The N20 came to the U.S. for the 2012 model year, and was essentially the technological culmination of the preceding four-cylinder lineage. With double-VANOS, Valvetronic, direct-injection, and turbocharging, the N20 quickly became the base-model engine for everything from the X1 to the 5 Series. The N20 was sold in a 1.6-liter displacement, but it is the N20B20 that was sold in serious volume and produced in variations with horsepower that ranged from 154 to 241. The most powerful version develops 241 horsepower at 5,000 rpm with 258-pound-feet of torque peaking from 1,250 to 4,800. Equipped with a single twin-scroll turbocharger, the N20 boasts impressive tuning potential, but is more torque oriented than previous BMW four-cylinder engines, with an under square, long-stroke layout. The BMW N26 is the SULEV compliant version of the N20. Output is identical to that of the most potent version of the N20, and changes are largely concerned with emissions and take the form of metal fuel lines, an enlarged catalytic converter, electronic wastegate, and a fuel tank ventilation system to test for leaks. If you own a BMW 228i, 328i, or 428i that originated in California, you likely have this engine.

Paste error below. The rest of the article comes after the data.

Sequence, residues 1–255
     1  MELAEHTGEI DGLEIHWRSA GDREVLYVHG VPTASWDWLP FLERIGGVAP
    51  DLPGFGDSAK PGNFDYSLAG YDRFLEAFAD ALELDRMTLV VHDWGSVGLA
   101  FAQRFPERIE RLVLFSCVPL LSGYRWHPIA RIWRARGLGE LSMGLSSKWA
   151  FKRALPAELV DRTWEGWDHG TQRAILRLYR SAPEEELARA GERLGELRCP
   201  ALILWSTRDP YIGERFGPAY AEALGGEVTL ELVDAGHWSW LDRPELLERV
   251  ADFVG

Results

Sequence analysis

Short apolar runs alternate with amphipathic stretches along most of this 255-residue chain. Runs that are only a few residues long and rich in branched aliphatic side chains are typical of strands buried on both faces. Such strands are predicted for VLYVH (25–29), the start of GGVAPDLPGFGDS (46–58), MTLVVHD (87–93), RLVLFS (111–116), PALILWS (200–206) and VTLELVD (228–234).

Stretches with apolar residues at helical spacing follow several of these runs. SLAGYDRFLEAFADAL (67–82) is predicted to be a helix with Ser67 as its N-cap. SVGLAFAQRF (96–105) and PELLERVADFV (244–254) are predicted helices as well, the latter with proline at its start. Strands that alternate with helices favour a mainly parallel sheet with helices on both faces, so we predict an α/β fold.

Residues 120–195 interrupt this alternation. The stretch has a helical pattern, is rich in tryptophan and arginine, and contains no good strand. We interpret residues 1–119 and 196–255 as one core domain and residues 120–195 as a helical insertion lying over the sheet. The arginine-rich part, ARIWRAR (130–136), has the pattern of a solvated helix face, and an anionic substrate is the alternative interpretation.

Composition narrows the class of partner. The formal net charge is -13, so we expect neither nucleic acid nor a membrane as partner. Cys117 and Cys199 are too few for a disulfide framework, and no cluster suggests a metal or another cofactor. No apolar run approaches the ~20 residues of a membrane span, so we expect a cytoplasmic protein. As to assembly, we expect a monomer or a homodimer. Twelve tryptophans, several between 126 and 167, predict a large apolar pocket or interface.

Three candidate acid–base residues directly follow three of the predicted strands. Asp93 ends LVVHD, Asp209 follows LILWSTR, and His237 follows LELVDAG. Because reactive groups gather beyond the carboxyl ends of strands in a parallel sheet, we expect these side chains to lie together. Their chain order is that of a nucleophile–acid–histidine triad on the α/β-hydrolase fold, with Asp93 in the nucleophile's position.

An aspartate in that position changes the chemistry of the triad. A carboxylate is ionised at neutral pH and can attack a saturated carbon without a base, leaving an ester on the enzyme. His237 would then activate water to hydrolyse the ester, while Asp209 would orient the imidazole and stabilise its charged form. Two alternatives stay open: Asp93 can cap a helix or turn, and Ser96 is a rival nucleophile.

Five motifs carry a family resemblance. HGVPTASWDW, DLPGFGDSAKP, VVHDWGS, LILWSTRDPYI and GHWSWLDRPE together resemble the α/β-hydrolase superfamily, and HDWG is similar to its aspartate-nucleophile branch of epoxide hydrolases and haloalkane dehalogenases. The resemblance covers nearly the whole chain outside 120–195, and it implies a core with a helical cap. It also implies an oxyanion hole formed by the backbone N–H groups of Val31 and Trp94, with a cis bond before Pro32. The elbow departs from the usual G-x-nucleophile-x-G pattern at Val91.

When the B48 replaced the N20 partway through U.S. F30 3 Series production, it brought with it more than just incremental change. Although the B48 uses much of the same technology as the N20, such as double-VANOS, Valvetronic, and direct-injection, the B48 employs a high-strength modular design which means componentry is shared between it, the B38 three-cylinder, and the B58 six. The B48 displaces a nearly perfect 1,998 cubic centimeters, with individual cylinder displacement of almost exactly 500. It is sold in a variety of different power output levels, ranging from 181 horsepower to over 300. The most powerful variant develops 302 horsepower from 5,000 to 6,250 rpm and 332 pound-feet of torque from 1,750 to 4,500. For those keeping track, that’s more than the TwinPower turbo six-cylinder N54 and N55 engines which debuted over a decade ago, and more than BMW’s first quad-cam V8, the M60.